Neurodiversity is a somewhat new term in the workplace. Many may have heard the phrase but not fully understood its implications in the business world. This blog aims to shed some light on the topic by giving an explanation of what neurodiversity is, the benefits of a neurodiverse workplace, and finish with some practical ways you can make your organisation more neurodivergent accessible. By the conclusion, you will have hopefully gained some new knowledge on the subject and understood how your business can be more inclusive of a neurodiverse workforce.
What is Neurodiversity?
The term neurodiversity was coined as part of a growing movement fighting toward greater equality and acceptance for neurodiverse people in larger society, it is defined in the dictionary as: ‘the range of differences in individual brain function and behavioural traits, regarded as part of normal variation in the human population.’ A broad definition, neurodiverse individuals span across those on the autistic spectrum, as well as those with dyslexia, dyspraxia, attention deficit hyperactivity disorder (ADHD), and a range of other conditions. It is reported that around 1 in 7 people, or 15% of the UK population are neurodivergent, which means that most large organisations may already have neurodivergent members on their team. Despite the prevalence of neurodiversity within society, whilst the large majority of organisations have some sort of diversity action plan in place, only 7% of organisations globally have expanded this to specifically address neurodiverse talent.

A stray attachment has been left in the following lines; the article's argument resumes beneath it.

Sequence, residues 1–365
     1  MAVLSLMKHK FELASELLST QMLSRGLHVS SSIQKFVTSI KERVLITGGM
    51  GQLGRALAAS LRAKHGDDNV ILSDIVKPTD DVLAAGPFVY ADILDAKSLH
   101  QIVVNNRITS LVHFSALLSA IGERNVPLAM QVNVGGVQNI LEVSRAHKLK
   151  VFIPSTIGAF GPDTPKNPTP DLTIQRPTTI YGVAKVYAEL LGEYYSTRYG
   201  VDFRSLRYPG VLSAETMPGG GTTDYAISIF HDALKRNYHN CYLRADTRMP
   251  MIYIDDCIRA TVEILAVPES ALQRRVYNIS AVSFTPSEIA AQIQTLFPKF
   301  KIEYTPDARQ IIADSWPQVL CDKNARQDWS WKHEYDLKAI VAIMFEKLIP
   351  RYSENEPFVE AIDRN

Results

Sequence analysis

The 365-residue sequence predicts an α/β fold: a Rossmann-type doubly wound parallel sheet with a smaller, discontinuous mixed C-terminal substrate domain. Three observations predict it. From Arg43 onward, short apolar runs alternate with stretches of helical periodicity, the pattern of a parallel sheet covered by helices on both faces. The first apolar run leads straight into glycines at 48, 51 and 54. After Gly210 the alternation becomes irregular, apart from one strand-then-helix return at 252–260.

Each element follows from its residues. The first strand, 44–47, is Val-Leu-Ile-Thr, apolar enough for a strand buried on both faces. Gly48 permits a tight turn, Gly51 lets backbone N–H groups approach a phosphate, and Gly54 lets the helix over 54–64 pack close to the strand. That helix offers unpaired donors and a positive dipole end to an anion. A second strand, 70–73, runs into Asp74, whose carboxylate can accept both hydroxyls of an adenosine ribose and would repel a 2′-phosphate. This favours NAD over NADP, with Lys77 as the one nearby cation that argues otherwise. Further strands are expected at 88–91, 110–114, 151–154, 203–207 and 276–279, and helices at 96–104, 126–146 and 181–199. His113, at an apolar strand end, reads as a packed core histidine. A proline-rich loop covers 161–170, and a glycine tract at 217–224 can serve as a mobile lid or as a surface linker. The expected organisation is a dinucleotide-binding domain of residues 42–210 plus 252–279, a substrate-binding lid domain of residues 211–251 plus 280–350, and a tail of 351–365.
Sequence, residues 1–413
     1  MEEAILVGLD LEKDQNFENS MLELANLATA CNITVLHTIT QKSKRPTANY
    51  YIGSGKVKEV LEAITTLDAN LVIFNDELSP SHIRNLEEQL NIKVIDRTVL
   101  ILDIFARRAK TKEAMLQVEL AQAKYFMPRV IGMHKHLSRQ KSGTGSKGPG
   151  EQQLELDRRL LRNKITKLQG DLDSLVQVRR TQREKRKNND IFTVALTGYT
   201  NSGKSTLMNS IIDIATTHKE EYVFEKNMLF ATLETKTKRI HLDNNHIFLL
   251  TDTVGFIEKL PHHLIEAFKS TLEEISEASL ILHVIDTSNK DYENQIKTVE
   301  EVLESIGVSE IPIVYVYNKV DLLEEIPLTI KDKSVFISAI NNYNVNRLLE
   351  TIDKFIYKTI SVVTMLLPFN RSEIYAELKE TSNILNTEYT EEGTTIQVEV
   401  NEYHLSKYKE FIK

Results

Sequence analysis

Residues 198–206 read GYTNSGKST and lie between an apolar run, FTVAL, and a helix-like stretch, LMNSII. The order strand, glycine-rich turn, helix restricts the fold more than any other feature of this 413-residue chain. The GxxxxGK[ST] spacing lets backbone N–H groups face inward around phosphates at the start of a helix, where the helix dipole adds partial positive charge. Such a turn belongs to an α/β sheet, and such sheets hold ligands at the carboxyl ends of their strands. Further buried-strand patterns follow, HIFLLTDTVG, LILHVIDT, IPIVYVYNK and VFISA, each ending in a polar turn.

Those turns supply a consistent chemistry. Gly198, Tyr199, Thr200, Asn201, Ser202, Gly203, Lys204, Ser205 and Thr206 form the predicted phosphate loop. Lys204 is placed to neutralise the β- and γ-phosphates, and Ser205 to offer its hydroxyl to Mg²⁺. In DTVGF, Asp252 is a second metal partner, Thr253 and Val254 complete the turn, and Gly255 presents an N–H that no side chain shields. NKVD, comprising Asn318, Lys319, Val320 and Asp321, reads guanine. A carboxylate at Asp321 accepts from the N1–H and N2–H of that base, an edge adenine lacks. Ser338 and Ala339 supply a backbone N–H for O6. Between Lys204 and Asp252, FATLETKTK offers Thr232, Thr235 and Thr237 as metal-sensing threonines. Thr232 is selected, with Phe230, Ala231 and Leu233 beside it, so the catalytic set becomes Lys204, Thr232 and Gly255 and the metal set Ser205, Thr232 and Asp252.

Increasingly, charities such as Scope are turning away from the medical model of disability and toward the social model of disability. This model states that individuals are disabled not by their impairments or differences, but rather by barriers in society. For example, a disabled person unable to use stairs may not be able to access a building with steps. The social model recognises that this is an issue with the building, rather than with the person themselves. By using this model, there is room for proactive suggestions; to add ramps or lifts in order to improve the accessibility of the building.
However, despite 77% of autistic adults stating that they want to enter the workplace, only 21.7% are in full-time employment. Amongst disability employment rates, it comes as no surprise that people with autism have some of the highest rates of unemployment. The cost of lost autistic talent alone is estimated to be around £13.7 billion annually within the UK, adjusted for inflation. With talent shortages being particularly high in the technology industry, an industry that prizes skills in which neurodiverse candidates often excel, adapting your workplace to be more inclusive of neurodivergent candidates could be a solution to plugging these gaps.
The benefits of having a neurodiverse workplace